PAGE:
Although international observers have called the Russian election manipulated and a victim of ballet stuffing, the United Russia party, the governing party of the country, has seen a drop of 14% in voter approval. Vladimir Putin who is running in the parliamentary election leads the United Russia party. On Sundayâ€™s election, the communists won by about a 20% lead. The socially democratic Just Russia party took 13% and the ultra-nationalist Liberal Democratic party followed with 12%.
Although the United Russia party is not likely to collapse in the near future, this is a step back for Putin and his party. If the United Russia party fails to reach a 7% threshold, he will still have around 53% control over the legislatureâ€™s seats. Over the last couple of elections, the United Russia party increased their percentage and held 70% of the seats during the last election. This gave them the power to change Russiaâ€™s constitution whenever they wanted. However, these days are over.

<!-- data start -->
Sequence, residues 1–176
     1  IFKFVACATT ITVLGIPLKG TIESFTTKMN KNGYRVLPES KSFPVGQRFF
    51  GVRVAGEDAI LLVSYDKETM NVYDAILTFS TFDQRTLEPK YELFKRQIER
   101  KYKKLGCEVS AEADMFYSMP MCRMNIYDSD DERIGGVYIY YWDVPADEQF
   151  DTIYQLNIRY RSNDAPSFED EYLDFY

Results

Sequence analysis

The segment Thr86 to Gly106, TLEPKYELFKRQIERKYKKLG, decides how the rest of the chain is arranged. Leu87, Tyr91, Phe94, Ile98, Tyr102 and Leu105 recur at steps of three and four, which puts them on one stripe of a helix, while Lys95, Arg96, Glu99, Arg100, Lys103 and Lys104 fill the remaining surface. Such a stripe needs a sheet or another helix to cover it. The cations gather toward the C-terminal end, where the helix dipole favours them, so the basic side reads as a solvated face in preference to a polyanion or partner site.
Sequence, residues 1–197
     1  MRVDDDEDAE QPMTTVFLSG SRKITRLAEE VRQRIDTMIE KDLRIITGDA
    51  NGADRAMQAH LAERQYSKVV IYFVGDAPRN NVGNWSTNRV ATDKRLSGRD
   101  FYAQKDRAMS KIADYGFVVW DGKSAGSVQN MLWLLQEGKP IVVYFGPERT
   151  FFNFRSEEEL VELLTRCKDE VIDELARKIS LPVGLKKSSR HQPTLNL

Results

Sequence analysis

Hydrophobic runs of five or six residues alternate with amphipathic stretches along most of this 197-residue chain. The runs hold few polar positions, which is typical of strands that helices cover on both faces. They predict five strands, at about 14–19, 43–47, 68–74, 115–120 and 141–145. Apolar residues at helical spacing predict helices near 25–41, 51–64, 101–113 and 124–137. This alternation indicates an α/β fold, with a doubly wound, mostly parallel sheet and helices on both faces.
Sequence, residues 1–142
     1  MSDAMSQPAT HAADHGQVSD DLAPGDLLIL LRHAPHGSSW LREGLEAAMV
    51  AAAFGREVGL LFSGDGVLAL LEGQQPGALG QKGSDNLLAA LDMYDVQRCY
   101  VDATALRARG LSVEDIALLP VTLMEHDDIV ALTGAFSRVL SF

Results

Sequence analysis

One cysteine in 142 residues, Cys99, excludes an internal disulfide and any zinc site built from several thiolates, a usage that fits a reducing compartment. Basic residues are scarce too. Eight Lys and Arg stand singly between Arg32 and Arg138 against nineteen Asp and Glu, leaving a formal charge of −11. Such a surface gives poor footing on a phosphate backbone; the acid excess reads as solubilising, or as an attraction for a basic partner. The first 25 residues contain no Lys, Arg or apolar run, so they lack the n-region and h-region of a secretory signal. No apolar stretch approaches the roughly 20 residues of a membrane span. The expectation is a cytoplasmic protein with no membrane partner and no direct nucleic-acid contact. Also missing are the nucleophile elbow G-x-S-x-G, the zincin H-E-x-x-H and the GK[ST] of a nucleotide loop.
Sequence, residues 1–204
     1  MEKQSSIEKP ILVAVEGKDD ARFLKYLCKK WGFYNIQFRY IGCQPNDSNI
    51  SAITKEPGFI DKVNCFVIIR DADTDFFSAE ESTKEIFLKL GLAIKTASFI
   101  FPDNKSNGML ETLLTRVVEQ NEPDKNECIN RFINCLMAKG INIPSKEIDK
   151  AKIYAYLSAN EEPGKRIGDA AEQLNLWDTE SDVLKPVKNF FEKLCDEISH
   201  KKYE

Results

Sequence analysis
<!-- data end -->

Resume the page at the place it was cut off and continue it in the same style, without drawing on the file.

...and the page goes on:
Putin still holds a 67% approval rating from Russians, but his ratings have been slipping. The highest that he has attained was 87% during December of 2007. This was the month of his last parliamentary election. His disapproval is rising though. It is estimated that about 1 out of 3 Russian disapprove of the way that he runs the government.
This disapproval has sprung over the falling of the oil boom. During the years of 2000-2008, Russian was given disposable income of 10% more than the previous year. Since the global financial crisis, Russiaâ€™s economy has suffered. One of the primary concern for Russians is overspending on government pensions and wage boosts for public sector jobs.
Although it is not official, Putinâ€™s win in next Marchâ€™s election is fairly certain. When he ran before -2000 and 2004- his approval ratings were at 79% and 81%. Even though these approval ratings have slipped for the moment, there is no telling how he will fair against his competitors.
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